This blog is written as a companion to an “Innovative Leaders Driving Thriving Organizations” interview between Maureen Metcalf and Urko Wood: Innovation: How to Make It a Predictable Business Process airing on June 7, 2016 and available for download on June 8.
Many leaders struggle with how to drive revenue growth. And yet we know, from study after study, that the key to successful growth is having a clear understanding of customers’ unmet needs. Even technology-driven companies, if they are going to be successful long-term, must understand and satisfy their customers’ needs. So a simple and reliable growth strategy is to discover your customers’ unmet needs and address them. Why, then, is this so hard? Why do so few companies do this successfully?
The number one reason why companies don’t successfully execute this simple growth strategy is because there is widespread confusion about what a customer need really is. Many people mistakenly believe that customers have “latent unarticulated needs, needs they cannot articulate.” This is simply false when we understand what a customer need really is.
Theodore Levitt said “People don’t want to buy a ¼ inch drill; they want a ¼ inch hole!” This quote reveals the difference between a need and a solution. The “drill” is just a solution, not a need. The solution could be a pick, a punch, a laser, or some yet-to-be-invented tool, but none of these are customer needs. True customer needs are functional, emotional, and/or social tasks that people want to accomplish and they are totally independent of solutions (how needs get met). The task of “making a ¼ inch hole” is the true customer need. This thinking can be applied to any industry. For example,
- P&G understands that “people don’t want to buy a mop; they want to clean the floor.” This enabled them to create Swiffer, a billion-dollar new product category.
- Nike understands that “people don’t want to buy athletic shoes and apparel; they want to become better athletes, and feel like one.” This has enabled them to grow at greater than 10% even while sales are now over $30 billion.
- And people don’t want to buy your products and services, or mine. They want to get something done, have an experience, and feel or be perceived a certain way. These are their true needs and all of them are totally independent from the solutions that address them.
One key reason why market research has fallen into disrepute in some circles is because researchers mistakenly asked customers what the best solution would be. This is like a doctor asking his patients what the treatment plan should be. Obviously, most people don’t have the expertise to generate solution ideas. That’s the supplier’s responsibility. But, delightfully, customers can tell us what they want to get done, what experience they want, and how they want to feel or be perceived. They also can tell us very where in the process of executing the task they struggle given their current solution. Discovering this information is the basis of your customer “diagnosis” which will provide you with a target to focus your creativity and solution expertise. It’s hard to hit a bull’s eye if you don’t have a clear view of the target.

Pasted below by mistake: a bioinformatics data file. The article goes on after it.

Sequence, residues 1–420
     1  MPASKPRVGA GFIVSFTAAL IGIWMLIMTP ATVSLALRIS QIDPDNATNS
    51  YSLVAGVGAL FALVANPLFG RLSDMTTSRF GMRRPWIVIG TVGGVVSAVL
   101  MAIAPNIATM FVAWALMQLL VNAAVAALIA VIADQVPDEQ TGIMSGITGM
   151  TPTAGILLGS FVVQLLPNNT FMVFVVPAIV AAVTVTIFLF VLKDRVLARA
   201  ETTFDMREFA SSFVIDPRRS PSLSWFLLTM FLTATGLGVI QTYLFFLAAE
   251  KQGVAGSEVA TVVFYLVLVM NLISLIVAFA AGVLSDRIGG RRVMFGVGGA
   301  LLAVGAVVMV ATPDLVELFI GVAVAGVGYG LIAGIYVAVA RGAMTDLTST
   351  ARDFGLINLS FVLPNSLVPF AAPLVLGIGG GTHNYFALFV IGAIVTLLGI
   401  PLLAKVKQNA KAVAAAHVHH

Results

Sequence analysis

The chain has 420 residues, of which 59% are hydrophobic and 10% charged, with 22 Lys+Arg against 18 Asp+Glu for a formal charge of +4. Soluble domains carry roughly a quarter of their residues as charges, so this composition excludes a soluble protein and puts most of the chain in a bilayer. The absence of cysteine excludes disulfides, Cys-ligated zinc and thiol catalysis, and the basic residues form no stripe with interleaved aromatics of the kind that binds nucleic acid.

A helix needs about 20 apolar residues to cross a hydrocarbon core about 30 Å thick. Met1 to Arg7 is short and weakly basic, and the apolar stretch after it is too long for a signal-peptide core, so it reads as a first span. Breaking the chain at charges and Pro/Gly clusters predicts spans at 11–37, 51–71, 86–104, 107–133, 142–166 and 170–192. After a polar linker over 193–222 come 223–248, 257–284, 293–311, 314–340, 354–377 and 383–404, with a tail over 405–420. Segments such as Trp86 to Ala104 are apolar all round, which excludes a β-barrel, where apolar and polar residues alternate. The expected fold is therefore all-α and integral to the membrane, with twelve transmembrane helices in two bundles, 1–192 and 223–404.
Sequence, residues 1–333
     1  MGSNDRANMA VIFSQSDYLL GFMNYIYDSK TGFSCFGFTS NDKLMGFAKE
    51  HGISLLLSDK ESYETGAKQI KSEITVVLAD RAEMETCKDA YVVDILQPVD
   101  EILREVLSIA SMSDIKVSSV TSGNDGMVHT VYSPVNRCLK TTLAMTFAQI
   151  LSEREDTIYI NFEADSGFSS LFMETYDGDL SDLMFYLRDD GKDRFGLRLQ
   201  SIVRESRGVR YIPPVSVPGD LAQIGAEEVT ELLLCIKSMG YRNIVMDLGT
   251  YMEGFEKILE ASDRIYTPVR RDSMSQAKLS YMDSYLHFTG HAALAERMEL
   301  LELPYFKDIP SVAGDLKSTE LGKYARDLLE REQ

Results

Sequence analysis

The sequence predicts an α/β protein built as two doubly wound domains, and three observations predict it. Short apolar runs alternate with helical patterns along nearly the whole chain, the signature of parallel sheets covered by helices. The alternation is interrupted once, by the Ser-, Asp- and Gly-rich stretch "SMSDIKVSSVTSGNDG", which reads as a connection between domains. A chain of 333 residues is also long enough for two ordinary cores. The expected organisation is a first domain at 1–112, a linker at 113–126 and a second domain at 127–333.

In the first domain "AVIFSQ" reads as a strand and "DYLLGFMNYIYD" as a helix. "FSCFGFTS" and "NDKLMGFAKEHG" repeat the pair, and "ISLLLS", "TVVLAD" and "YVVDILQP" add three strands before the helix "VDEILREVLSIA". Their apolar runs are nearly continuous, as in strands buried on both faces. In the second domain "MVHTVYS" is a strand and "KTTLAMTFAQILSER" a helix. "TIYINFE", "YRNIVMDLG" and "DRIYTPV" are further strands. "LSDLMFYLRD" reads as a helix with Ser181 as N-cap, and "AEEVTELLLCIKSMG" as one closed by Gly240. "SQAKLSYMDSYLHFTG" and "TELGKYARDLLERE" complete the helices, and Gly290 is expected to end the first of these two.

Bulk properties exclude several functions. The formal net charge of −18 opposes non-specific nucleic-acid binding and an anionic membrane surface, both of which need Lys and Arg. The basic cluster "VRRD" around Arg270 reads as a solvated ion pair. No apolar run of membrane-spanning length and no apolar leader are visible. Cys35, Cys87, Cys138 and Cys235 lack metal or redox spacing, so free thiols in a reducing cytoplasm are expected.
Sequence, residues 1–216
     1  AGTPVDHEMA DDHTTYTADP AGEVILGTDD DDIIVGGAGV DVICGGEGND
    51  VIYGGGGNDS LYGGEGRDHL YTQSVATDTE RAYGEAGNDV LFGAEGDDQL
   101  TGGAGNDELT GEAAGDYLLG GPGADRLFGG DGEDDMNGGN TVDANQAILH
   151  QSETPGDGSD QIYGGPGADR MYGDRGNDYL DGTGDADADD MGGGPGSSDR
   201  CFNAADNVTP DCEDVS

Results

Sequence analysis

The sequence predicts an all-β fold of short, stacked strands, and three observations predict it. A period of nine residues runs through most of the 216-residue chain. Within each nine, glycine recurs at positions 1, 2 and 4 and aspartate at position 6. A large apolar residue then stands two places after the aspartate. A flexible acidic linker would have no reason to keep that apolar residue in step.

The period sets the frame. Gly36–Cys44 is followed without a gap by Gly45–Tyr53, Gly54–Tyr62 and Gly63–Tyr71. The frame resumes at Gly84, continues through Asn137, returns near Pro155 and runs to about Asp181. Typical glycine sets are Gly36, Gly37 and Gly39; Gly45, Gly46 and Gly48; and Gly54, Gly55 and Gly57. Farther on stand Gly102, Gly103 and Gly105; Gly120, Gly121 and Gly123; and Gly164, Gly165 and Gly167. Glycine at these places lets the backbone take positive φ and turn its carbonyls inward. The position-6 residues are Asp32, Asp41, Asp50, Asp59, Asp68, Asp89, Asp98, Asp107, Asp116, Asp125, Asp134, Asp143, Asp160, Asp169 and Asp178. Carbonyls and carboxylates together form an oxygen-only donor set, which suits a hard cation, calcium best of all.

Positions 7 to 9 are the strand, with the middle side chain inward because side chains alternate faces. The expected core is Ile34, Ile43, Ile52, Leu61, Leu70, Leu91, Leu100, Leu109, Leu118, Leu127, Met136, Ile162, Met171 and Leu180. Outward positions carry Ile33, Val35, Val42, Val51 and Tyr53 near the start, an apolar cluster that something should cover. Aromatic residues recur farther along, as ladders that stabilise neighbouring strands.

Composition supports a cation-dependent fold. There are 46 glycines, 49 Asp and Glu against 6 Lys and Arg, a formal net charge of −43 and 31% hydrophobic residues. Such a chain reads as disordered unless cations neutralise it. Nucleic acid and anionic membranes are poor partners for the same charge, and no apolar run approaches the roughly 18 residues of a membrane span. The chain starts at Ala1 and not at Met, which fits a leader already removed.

Additionally, once the customers’ needs have been discovered, we can determine which are important and unsatisfied with statistical validity. A need that is both important and unsatisfied is unmet. The more important and less satisfied, the more unmet it is and the greater the opportunity for value creation. This is great news because it means leaders can create new offerings in a predictable and repeatable manner that will be both valued by customers and unique in the marketplace. How do we know it will be both valued and unique?
Because, if your solution addresses an important need, then we know that customers will value it. And if your solution addresses an unsatisfied need, then we know that your offering will be unique because no other competitor is satisfying it.
Most companies don’t lack creativity, they lack focus. They don’t lack ideas; they have plenty of ideas. What they lack is clarity about where the market is underserved. It’s hard to differentiate, create new value and grow if you don’t know where the market opportunities lie. Start by discovering what your customers are trying to get done, where they struggle, and why. These types of customer inputs provide rich targets that reveal where to focus and what to do to create new value and drive revenue growth, all before you spend a dime on development. This is revenue growth made predictable, repeatable, and simple.
To learn more, contact me at firstname.lastname@example.org or visit our website: www.revealgrowth.com.
About the Author
Urko Wood is founder and president of Reveal Growth Consultants, an innovation and growth strategy consulting firm that reveals ways to drive growth, guaranteed, and then helps clients do it. Some of his clients have included Battelle Memorial, Cintas, General Motors, Herman Miller, Ingersoll Rand, Microsoft, Morgan Stanley, and NetJets as well as smaller businesses and associations. In his free time, he enjoys friends, family, and good conversation over food.